Review: Porsche Panamera Sport Turismo

Review: Porsche Panamera Sport Turismo
Review: Porsche Panamera Sport Turismo

It’s Porsche’s distinctive take on an estate car

When we first saw the Porsche Panamera Sport Turismo concept at the 2012 Paris Motor Show, we knew Porsche had to make it. A cool ‘shooting brake’ estate, it was perfect as it was: the firm may have inexplicably taken five years, but at last it’s here with a near-identical showroom-ready version.

It’s not without rival, mind. The Mercedes CLS started the craze for sportily-styled premium estates, while the Tesla Model S shows an alternative, all-electric take on the practical-but-sporty car. Neither of them can match the new Porsche for behind-the-wheel satisfaction, though.

In V8 Turbo guise, the Sport Turismo’s acceleration is vicious, yet delivered with total isolation. You can charge from 0-62mph in just 3.6 seconds, without terrifying your passengers. The 4S Diesel is even more of a powerhouse, while the 4 E-Hybrid is fantastically smooth and refined.

Porsche Panamera Sport Turismo

All of them stack up on track, something that you wouldn’t ordinarily expect of a sports estate, but which proves its credentials as a genuine Porsche. It may weigh two tonnes but it’s still tactile and genuinely rewarding. The ride of models running on air suspension is also comfortable, with just the right blend of firm control to make it a satisfying grand tourer.

Porsche has always served up sporty and satisfying driving positions. They’re the sort of cars you feel excited in just sitting behind the wheel. The Panamera Sport Turismo is no exception, only this adds in a real spectacle of a tech-packed dashboard. There are multiple touchscreens, which work well, and a touch-sensitive centre console, which works less well: it’s confusing to use on the move. Quality throughout is peerless.

Porsche Panamera interior

It’s spacious as well. The interior is surprisingly airy, with genuinely accommodating space for two adults in the rear (pity the third passenger squeezed into the middle jump seat though). Those in the back get their own infotainment screen and heater panel, a bit like a first-class passenger jet, and the seats are as indulgently comfortable as the roomy chairs up front.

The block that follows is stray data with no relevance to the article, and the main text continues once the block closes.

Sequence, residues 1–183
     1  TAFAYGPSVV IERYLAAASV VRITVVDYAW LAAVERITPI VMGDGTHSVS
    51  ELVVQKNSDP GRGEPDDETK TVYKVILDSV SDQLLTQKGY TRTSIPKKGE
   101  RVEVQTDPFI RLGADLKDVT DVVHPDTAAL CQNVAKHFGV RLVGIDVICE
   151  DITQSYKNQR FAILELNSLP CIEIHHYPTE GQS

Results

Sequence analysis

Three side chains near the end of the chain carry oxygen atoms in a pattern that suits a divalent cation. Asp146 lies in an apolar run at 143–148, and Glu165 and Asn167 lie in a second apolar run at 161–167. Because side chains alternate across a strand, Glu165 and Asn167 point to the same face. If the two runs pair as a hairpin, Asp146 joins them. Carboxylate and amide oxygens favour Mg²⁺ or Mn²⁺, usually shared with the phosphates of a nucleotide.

The only surprise is that boot space is barely four per cent up on the regular Panamera – despite its quasi-estate car appearance, it doesn’t serve up estate car space. Even so, the space on offer is well designed and the massive hatchback tailgate opens right down to bumper level. You can even get rails in the floor that house lashing points to stop loads flying about. Maybe important for those doing serious track work on the way back from the supermarket.

Porsche Panamera Sport Turismo boot

What won’t be a surprise is to learn the Panamera Sport Turismo is not cheap. Porsche dealers don’t discount, either. And although depreciation isn’t disastrous, it’s still going to be heavy in pure monetary terms. Porsche’s surprisingly substandard reliability survey results is hardly reassuring either.

The 4S Diesel should prove economical, and the 4S petrol is a good buy for private buyers as it too is good on fuel and comes without the diesel’s price tag. Those fully focused on tax efficiency best choose the E-Hybrid though: claimed economy of 113mpg is a pipe dream, but 56g/km CO2 gives it loads of tax-friendly appeal. And, like all Panamera, it’s very well equipped.

Overall, the Sport Turismo is appealing and well-rounded enough to become our new favourite Panamera. Fast, agile and classy, it’s not cheap, either to buy or run, and the interior is fiddly for the driver, but overall its blend of practicality and style is a winning combination.

 

Review: Lotus Exige Cup 430

Surely an Exige can’t cost nearly £100,000? When it’s as good as this it canLotus has, in the recent past, been a little

Living with the BMW M135i

How will a used rear-wheel hot hatch measure up?The plan was to take a used hot hatch and see what we could do with it. Could we improve a

Review: Mercedes E220d Cabriolet

New E-Class range is completed by the Cabriolet – does it work best as a 2.0-litre diesel?The fourth and final piece in the new E-Class

Review: SsangYong Turismo

A great deal of space for not a great deal of money. Is that a good deal?In our vehicles, particularly if we’re thinking of family transport,